- In some methods and some disciplines, the process of enquiry in problem spaces has always been seen as non-linear, while in others non-linearity has been difficult to acknowledge. The project was able to document the ways in which data, methods and problems are brought together in complex ways to acknowledge non-linearity, with lines of enquiry commonly being developed at multiple levels, across contexts and with different temporalities.
- More-than-representational is used here as a general term to describe the increasingly heterogeneous semiotics of problem spaces. It refers not simply to the rise of multiple forms of data in conjunction with each other – including notably images as well as words and numbers, but also mixed registers of signs – symbols, indices and icons, each of which convey meaning and enable communication in different kinds of ways. The project found that what might be called the zone of indexicality is a key site of methodological innovation.
A further finding is the importance of participation – understood in its broadest sense - to these methodological developments. This participation can be understood in terms of a continuum – from participative to participatory. However, this single dimension – active/passive - is not adequate to capture the heterogeneous forms that participation takes, nor the ways in which relations of observation, responsibility and accountability are distributed unevenly across calculative infrastructures. The project also found that the changing semiotic composition of knowledge infrastructures interacts in complex ways with changing forms of participation. The methodological links between representation and representativeness that are currently being developed and tested in a variety of contexts – such as for example, in the new interdisciplinary constellation of data science - was identified as a key site in debate about the legitimacy of new forms of governance and collective political action.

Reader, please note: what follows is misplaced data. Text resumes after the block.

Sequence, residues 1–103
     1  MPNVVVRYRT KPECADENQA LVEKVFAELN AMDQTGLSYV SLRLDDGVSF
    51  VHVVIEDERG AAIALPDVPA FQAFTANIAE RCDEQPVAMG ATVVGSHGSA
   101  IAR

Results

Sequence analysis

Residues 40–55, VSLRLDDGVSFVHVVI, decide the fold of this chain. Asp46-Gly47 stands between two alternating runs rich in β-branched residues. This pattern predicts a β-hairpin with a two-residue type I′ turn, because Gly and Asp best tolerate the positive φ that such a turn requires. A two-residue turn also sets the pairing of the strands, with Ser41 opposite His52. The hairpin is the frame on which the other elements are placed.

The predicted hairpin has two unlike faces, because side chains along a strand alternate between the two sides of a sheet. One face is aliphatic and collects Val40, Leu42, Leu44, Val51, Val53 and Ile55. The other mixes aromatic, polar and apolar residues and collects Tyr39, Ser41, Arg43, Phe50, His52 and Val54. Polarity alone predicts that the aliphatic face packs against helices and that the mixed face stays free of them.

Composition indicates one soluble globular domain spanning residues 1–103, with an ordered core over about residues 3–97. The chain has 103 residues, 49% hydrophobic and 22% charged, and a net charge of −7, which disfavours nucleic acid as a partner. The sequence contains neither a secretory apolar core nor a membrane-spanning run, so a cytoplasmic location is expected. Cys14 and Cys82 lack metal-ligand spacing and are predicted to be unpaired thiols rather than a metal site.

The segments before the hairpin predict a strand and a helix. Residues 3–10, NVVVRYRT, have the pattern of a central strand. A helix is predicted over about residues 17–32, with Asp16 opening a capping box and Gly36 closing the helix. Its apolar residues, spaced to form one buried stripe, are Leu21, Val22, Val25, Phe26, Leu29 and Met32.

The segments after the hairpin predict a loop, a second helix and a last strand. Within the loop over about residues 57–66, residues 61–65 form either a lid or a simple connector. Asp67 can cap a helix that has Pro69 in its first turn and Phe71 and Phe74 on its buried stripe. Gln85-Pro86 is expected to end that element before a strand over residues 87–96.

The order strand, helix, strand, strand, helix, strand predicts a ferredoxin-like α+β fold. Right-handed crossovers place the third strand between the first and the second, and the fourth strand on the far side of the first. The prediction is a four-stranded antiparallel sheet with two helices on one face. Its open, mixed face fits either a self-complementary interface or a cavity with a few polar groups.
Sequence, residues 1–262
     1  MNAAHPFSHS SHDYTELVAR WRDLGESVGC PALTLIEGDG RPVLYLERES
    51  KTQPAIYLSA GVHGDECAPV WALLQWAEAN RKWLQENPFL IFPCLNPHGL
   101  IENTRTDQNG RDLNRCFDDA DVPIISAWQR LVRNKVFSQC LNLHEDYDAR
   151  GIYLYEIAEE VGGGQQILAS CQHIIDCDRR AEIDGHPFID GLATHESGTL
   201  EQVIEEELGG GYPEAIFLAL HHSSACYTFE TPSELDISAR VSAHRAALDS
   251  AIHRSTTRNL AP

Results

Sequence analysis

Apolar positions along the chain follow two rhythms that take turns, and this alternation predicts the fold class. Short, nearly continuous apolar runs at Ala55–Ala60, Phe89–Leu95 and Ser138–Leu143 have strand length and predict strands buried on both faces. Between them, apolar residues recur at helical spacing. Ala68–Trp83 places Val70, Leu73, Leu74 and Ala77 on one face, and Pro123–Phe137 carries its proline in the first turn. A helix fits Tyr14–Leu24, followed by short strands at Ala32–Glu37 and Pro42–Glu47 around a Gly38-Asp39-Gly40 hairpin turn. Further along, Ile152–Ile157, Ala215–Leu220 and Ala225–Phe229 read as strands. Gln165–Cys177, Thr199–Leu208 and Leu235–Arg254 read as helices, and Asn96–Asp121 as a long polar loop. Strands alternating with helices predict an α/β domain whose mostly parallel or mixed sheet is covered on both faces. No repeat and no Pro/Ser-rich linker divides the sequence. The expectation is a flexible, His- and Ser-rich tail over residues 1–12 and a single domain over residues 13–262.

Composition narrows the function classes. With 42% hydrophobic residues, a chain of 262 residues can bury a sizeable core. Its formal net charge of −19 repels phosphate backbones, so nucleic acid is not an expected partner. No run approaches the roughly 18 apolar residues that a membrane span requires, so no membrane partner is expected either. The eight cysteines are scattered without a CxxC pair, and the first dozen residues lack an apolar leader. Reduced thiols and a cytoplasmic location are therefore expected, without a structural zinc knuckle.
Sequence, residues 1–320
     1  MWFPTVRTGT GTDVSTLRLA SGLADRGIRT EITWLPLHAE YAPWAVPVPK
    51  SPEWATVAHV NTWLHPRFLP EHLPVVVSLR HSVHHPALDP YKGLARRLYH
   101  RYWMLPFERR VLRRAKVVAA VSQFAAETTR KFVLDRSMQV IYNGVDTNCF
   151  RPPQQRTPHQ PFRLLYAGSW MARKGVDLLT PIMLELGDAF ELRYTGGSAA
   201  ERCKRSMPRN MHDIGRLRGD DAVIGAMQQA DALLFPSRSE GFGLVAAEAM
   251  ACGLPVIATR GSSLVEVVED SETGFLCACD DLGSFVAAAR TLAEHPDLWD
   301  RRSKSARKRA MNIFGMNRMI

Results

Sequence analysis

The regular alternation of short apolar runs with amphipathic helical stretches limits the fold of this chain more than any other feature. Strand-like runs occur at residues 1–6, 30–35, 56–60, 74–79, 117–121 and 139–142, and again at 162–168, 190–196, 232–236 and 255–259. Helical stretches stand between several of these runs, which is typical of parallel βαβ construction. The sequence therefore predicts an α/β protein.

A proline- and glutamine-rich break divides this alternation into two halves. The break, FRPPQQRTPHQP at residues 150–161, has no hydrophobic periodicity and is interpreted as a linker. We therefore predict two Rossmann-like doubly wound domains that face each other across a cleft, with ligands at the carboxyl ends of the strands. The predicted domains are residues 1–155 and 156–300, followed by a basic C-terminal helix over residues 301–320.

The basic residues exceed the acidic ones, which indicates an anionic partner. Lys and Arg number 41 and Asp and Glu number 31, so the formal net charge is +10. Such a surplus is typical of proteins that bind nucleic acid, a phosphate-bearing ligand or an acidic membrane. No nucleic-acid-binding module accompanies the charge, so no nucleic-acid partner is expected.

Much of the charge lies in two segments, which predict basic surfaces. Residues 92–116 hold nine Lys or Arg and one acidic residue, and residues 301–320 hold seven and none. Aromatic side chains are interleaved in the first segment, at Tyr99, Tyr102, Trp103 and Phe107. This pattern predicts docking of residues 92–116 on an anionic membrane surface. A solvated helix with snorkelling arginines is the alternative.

A second overarching aim of the project was to explore the implications of the methodological developments described above for forms of social inequality and patterns of inclusion, exclusion and belonging. Here the findings are preliminary, and suggestive rather than conclusive. However, the studies completed so far suggest that the social and cultural effects of these methodological developments is such as to: introduce new forms of competition through the proliferation of different kinds of rankings; encourage new forms of individual and collective identification as a consequence of the changing way in which categories are made; and produce new forms of stratification. These findings point to the value attached in the original proposal to understanding methods as having the power to enact social worlds.
Together the project’s findings provide a reasonably strong evidence base from which to confirm the claim that society is becoming topological. The evidence for this claim will be developed in full in future publications where it will be explicated by exploring the social and cultural implications of what is described as a moving ratio or rationality for contemporary forms of sociality.
26 October 2017